In our study, the mean age of patients who experienced an ADR was 48.0 ± 15.5 years; this is in line with what is reported in the literature regarding the mean age of onset of the diseases for which infliximab is indicated [33, 34]. ADRs occurred slightly more frequently in female patients compared to male ones. This is not surprising considering that a higher prevalence of use of infliximab could be found in the female population, due to a higher prevalence of diseases for which this drug is indicated, including Crohn’s disease [35] and rheumatoid arthritis [36]. Moreover, female patients have a greater risk of developing an ADR compared with male ones, mainly for gender-related differences related to pharmacokinetic, immunological and hormonal factors [14, 37, 38]. According to our results, arthritis, Crohn’s disease and ulcerative colitis were more commonly reported as therapeutic indications in ICSRs; this could be explained by the different prevalence of those diseases. As a matter of fact, the prevalence of all immune-mediated inflammatory diseases in Western countries ranges from 5 to 7%, with a higher prevalence for rheumatoid arthritis and inflammatory bowel diseases, followed by ankylosing spondylitis and psoriasis [39, 40]. We also found that 45% of patients who experienced ADRs induced by infliximab originator received the drug for the treatment of rheumatoid arthritis, while more than 50% of patients who experienced ADRs induced by infliximab biosimilars received the drug for the treatment of inflammatory bowel diseases (Crohn’s disease and ulcerative colitis). In our opinion, these differences could be a direct consequence of the higher acceptance of biosimilars by rheumatologists compared to gastroenterologists, who seem to be more reluctant to accept biosimilars [41]. On the other hand, the regional differences that we have found among Italian regions could be directly related to a different use of biosimilars in clinical practice, mainly due to decrees that have regulated biosimilars’ prescription as well as ADR reporting. This heterogeneity in biosimilars’ utilization, which could be linked to different reporting features, was previously found in another study performed in a real-life setting [42].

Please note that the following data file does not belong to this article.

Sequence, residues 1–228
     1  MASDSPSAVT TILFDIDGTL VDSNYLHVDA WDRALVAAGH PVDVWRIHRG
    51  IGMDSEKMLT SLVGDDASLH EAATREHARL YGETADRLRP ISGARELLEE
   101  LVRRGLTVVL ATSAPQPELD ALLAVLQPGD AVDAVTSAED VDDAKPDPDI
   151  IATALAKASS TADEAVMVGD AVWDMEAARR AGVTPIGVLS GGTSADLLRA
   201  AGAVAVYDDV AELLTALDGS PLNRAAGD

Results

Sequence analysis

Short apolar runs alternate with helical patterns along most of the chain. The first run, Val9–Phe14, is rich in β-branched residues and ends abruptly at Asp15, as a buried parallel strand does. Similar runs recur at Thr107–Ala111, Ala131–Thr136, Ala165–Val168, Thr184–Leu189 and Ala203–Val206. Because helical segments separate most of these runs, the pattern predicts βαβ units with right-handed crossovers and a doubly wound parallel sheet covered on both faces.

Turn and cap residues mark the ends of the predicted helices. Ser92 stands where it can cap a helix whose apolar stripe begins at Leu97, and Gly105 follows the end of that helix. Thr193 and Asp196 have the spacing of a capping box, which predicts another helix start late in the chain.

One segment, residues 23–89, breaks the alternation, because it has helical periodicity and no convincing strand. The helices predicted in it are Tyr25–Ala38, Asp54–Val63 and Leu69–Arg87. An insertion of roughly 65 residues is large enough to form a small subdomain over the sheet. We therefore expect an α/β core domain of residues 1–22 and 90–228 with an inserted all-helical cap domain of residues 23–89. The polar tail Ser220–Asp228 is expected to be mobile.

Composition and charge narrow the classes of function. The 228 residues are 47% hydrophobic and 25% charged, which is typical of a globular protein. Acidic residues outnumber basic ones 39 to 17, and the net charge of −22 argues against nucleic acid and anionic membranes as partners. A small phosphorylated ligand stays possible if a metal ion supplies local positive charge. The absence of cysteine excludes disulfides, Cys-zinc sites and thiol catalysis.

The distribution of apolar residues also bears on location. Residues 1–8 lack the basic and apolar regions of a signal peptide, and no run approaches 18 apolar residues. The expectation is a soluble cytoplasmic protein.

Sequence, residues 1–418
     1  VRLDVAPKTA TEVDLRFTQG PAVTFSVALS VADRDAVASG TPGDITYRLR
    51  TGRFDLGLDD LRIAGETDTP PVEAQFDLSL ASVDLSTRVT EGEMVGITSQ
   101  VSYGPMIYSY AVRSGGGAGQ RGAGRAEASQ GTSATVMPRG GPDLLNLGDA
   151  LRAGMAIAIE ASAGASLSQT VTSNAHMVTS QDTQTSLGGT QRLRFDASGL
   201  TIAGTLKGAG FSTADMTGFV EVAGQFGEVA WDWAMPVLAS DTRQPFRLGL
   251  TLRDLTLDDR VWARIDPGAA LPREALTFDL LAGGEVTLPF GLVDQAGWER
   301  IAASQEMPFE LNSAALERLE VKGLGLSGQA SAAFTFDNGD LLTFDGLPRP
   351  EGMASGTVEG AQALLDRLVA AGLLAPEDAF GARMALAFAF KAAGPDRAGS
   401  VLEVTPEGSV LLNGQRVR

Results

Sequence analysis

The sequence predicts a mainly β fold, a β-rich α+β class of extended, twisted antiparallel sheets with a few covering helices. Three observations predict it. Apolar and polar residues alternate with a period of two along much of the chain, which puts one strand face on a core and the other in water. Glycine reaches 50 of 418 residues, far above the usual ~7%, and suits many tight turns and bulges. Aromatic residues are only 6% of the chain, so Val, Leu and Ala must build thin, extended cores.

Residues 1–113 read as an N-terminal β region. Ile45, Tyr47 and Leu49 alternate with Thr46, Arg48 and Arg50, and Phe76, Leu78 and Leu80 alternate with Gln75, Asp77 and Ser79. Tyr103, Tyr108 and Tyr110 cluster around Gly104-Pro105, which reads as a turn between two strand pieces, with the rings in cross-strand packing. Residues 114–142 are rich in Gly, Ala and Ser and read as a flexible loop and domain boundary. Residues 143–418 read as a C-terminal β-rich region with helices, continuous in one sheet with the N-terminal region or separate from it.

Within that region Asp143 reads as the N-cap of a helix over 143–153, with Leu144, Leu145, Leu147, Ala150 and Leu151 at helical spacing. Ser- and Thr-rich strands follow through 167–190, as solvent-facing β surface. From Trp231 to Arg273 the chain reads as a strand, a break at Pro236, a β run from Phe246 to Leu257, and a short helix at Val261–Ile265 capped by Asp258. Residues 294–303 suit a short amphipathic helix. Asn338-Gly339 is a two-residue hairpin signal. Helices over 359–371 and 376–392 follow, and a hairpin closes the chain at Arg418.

In our study, the majority of patients had one or more comorbidities and were concomitantly receiving further medications. This is not surprising considering that comorbidities, including infective, cardiovascular, renal, and cancer diseases, are commonly present in patients diagnosed with immune-mediated inflammatory diseases and hugely contribute to the burden of disease and impairment of quality of life [43, 44]. Moreover, it should be noted that immune-mediated diseases usually require combination therapy [45, 46].